• When non-depolarising relaxation has resolved sufficiently in order for the patient to be ‘reversible’. Generally a TOFC of 3 is accepted as indicating that an anaesthetised patient’s paralysis is able to be reversed by a cholinesterase inhibitor, such as neostigmine.

(NB: a TOFC less than 4 is by definition a TOFR of 0.)

After the injection of an intubating dose of a non-depolarising muscle relaxant, train of four stimulation will demonstrate intense blockade within a few minutes followed by gradual recovery from neuromuscular blockade. The duration of intense blockade and recovery will depend primarily on which muscle relaxant is used and the dose given.

During the period of intense blockade there will be no response to train of four stimulation. Gradually there will be recovery with first one then two, three and four twitches. When only one twitch is detectable 90 to 95% of receptors are blocked. A TOFC=2 represents 80% of receptors blocked and TOFC=3 75% receptor blockade. Most surgery can be adequately performed with one or two twitches present though if prevention of movement is essential, a more intense block may be needed. Reversal of muscle blockade should not be attempted until at least three twitches have returned.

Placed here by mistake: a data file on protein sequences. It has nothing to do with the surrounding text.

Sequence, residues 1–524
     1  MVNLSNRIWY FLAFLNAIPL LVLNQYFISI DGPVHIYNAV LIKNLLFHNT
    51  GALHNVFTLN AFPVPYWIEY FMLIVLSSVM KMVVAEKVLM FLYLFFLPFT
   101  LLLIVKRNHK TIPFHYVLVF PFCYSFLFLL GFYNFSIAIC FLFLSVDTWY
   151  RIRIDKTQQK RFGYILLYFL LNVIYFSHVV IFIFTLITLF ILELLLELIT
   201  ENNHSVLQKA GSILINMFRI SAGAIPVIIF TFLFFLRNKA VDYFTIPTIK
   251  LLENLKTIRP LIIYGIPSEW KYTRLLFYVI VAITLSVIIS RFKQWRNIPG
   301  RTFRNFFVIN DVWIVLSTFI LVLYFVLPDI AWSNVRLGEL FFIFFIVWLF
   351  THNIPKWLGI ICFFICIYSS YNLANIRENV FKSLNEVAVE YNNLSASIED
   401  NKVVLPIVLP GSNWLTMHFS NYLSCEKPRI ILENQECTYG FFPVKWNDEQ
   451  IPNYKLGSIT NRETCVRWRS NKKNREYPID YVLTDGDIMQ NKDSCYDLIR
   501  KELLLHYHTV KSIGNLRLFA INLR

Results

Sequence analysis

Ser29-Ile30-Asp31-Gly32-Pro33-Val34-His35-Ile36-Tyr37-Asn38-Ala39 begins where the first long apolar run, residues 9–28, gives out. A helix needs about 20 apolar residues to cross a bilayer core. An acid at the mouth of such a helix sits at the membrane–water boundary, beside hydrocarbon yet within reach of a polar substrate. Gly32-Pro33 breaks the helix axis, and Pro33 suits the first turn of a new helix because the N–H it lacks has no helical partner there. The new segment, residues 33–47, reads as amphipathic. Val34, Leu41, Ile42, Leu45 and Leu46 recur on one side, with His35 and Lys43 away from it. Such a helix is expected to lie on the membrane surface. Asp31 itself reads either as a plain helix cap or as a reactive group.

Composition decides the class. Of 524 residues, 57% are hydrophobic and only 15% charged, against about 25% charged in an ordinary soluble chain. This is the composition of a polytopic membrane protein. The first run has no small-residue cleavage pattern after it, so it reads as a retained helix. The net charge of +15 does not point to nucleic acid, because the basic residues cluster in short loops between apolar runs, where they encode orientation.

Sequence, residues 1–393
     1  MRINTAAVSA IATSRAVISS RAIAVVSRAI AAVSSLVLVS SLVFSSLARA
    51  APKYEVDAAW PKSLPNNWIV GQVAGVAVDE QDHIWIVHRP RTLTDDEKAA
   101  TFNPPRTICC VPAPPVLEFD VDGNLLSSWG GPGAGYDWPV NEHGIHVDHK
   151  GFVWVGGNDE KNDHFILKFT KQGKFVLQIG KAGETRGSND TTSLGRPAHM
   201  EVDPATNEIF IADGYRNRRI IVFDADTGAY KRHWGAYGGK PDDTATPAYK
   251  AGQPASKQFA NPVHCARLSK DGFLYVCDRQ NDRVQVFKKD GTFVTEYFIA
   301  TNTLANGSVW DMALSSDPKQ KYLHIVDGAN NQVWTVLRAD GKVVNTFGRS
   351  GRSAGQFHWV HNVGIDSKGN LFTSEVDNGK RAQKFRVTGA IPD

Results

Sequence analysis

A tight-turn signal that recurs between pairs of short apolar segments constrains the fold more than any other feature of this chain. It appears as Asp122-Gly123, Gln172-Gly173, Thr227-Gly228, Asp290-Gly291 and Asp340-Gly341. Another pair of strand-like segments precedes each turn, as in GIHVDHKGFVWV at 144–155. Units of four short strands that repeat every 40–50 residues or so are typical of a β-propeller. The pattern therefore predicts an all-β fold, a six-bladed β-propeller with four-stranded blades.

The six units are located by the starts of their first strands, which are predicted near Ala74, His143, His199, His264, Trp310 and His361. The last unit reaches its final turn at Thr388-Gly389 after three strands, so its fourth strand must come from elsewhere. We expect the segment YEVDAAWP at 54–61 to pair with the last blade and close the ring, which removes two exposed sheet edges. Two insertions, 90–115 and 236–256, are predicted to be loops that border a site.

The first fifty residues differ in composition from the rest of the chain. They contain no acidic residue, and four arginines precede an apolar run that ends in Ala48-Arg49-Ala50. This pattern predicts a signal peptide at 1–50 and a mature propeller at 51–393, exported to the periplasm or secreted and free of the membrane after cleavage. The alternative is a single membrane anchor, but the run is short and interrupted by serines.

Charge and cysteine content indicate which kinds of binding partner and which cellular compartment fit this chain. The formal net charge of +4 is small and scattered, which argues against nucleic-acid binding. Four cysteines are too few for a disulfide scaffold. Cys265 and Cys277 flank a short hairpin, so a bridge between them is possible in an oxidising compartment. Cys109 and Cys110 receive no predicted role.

The advantages of the TOF pattern for assessment of neuromuscular blockade includes:

  • It does not alter the degree of block, or the perceived degree of block (unlike a tetanic stimulation).
  • A pre-paralysis ‘control’ is not required as the first twitch in the TOF is compared against the subsequent twitches.
  • Although uncomfortable in the awake patient it is not as painful as a tetanic stimulation.
  • It can allow accurate determination of the degree of blockade without further complex monitoring technology.
Tetanic stimulation

Tetanic stimulation involves delivering a train of pulses at a frequency between 50 and 100Hz. Most commonly 50Hz pulses are delivered for 5 seconds. A sustained response to this pattern corresponds with adequate reversal however it cannot be reliably evaluated visually or by touch and is very painful. It should not be performed in the awake patient.

Tetanic stimulation is now rarely used alone to assess neuromuscular blockade. Usually it is used as a component of a further pulse pattern, such as the post tetanic count (PTC).

Post-tetanic count

With intense blockade by a non-depolarising muscle relaxant there may often no response to single twitch or TOF stimulation. In this situation the PTC is used to assess the degree of blockade.